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Teachers Contracts & Creating a Supportive Environment

Barriers & Challenges:

I believe that the core challenges that face the Superintendent and the Board of Education in solving our Teachers Crisis fall into 3 fundamental areas:

  • Relationship issues which have clouded the business issues of benefits and compensation
  • Failed “Change Management” exacerbating relationship issues
  • Fundamental business issues

Responsibility and Process:

  • The President of the BOE sets the Board’s Agendas and leads negotiations as part of the 2-member negotiations committee
  • I have input into/a vote on the terms of negotiations, and sometimes, a vote on communications
    • The Board votes on most communications and the majority rules. I have advocated for a more empathic approach that demonstrates active listening and understanding, and sensitive in tonality for communications. Tough negotiations do not always equal good negotiations with a helping/nurturing profession
    • I did not review or approve a recent letter that the President read at the end of a recent BOE meeting after which my colleagues voted to adjourn
  • Superintendent Management and Evaluation
    • In an NJSBA online survey, each BOE Member provides input on over 50 questions in multiple areas of evaluation and can provide comments
    • Board President, uses the summary totals for each area of evaluation to determine the majority decision
    • I cannot comment on the evaluation content, but anyone who has viewed or attended Open Public Meeting has witnessed my critical views

Relationship Issues

Teaching is a helping, nurturing profession where the values and abilities associated with empathy, sensitivity, understanding and communication are fundamental, not only to being a good teacher, but to being successful in leading, managing, teambuilding and relationship building with Teachers. Second, in this industry or any other, seeking feedback, listening to and incorporating staff feedback into planning and execution empowers staff, and sends a message that management respects and values staff. Feedback also informs management and improves operations.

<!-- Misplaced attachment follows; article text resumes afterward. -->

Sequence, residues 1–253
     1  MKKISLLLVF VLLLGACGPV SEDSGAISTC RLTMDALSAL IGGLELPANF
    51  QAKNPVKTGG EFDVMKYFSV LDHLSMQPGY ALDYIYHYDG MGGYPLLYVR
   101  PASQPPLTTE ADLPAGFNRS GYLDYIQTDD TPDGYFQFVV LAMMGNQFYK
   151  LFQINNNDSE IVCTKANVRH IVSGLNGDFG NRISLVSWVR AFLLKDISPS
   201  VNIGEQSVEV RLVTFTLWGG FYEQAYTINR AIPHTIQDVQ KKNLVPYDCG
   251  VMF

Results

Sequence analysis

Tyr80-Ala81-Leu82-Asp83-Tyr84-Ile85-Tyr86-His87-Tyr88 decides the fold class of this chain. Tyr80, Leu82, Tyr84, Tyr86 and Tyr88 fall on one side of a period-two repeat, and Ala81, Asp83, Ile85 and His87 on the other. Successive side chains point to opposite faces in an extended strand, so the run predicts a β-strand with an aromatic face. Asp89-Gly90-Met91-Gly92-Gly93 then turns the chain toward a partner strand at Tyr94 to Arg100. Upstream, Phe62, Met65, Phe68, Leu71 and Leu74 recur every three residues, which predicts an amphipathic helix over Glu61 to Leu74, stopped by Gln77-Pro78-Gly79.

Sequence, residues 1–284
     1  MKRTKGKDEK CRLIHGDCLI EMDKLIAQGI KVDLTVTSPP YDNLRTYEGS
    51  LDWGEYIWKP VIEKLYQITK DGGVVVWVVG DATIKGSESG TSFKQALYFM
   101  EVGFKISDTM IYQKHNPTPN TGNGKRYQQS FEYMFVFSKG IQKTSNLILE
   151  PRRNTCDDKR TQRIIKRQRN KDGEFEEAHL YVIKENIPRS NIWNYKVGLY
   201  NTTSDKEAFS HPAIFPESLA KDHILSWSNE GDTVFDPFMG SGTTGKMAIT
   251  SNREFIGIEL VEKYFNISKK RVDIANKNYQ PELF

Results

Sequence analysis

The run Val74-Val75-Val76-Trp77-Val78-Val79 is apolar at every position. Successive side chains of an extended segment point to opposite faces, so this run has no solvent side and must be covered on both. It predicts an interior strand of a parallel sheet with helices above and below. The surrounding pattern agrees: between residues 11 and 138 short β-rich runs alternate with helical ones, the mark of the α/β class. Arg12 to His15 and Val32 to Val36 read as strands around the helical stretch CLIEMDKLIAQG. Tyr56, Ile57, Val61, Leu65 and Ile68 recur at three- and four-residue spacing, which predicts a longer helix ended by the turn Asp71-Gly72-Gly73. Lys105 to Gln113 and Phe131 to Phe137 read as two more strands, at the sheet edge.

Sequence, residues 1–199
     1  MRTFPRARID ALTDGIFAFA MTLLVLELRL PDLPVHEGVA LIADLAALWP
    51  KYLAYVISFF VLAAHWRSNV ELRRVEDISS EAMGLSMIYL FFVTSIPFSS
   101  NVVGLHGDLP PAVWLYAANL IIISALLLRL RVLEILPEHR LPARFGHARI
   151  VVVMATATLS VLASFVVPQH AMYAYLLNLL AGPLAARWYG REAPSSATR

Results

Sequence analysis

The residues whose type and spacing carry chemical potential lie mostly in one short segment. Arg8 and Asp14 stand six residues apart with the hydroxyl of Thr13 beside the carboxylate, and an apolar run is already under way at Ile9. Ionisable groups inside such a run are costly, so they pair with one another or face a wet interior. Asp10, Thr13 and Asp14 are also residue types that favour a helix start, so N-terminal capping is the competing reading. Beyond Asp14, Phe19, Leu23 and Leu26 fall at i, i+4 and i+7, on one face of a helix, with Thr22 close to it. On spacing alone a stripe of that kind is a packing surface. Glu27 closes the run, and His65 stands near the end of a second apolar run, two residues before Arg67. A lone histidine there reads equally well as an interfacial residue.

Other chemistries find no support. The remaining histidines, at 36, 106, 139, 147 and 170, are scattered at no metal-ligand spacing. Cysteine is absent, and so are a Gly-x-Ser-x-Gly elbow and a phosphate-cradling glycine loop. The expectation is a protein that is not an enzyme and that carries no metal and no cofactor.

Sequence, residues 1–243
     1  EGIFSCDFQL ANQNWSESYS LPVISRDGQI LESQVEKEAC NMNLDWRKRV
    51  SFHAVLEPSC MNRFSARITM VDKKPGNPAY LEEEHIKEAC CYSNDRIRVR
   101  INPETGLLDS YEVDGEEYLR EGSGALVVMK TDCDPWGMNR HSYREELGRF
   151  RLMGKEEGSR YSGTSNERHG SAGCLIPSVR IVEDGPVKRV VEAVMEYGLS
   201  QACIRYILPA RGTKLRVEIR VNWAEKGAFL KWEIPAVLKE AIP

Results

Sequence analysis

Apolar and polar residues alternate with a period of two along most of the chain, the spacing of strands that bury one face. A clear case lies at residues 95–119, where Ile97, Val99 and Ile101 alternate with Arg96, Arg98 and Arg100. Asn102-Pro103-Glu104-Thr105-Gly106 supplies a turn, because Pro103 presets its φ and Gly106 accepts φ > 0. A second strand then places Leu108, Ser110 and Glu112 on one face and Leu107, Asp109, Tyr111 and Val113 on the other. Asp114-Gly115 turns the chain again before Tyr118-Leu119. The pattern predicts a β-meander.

In listening to the feedback of the Teachers have expressed feeling:
  • Disrespected in tonality and approach by the Superintendent
  • Not valued and cited their feedback, individually and as a committees, is not being included in development of curricula
  • Their purpose is being undermined:
    • Too much testing turning them into statisticians and test monitors. A little 3rd grader has to take section or chapter tests for subjects, benchmark tests, InView, Fountas & Pinnell tests for 3 times per year, AND multiple PARCC exams.
    • Teachers say, “ We are over-testing and turning our teachers into data generators undermining lesson planning time…we need to provide innovative and high quality instruction
  • Morale is at a devastating low
  • Upset that the Board was aware

Change Management Issues Exacerbating the Relationship Rift:

Teachers expect change and cope with more change than in most professions. At the same time, repeated waves of changes add stress to the relationship and undermine morale and performance

  • In the past 9 years, the District has had 4 superintendents, and with each a wave of change came:
    • New Administrators
    • New Processes and protocols
    • New Curricula forcing new lesson plans
    • New software to learn and text books to execute
    • New hardware to master
    • Different management styles and personalities.
    • Third, many changes were forced by the NJ State DOE (SGOs, SGPs, Teacher Evaluations, etc.)
    • Federal Government Changes
Note that Teachers were frequently not consulted for new initiatives, or not heard when consulted, adding to feelings of disrespect and adding to stress when the have to scramble to execute.

For example, Departmentalization/Specialization in Elementary Schools - Where Math Teachers with Math Degrees teach Math...English and Social Studies teach their subjects and kids start changing classes in 4th grade.
  • They did not review the plan with the teachers in each building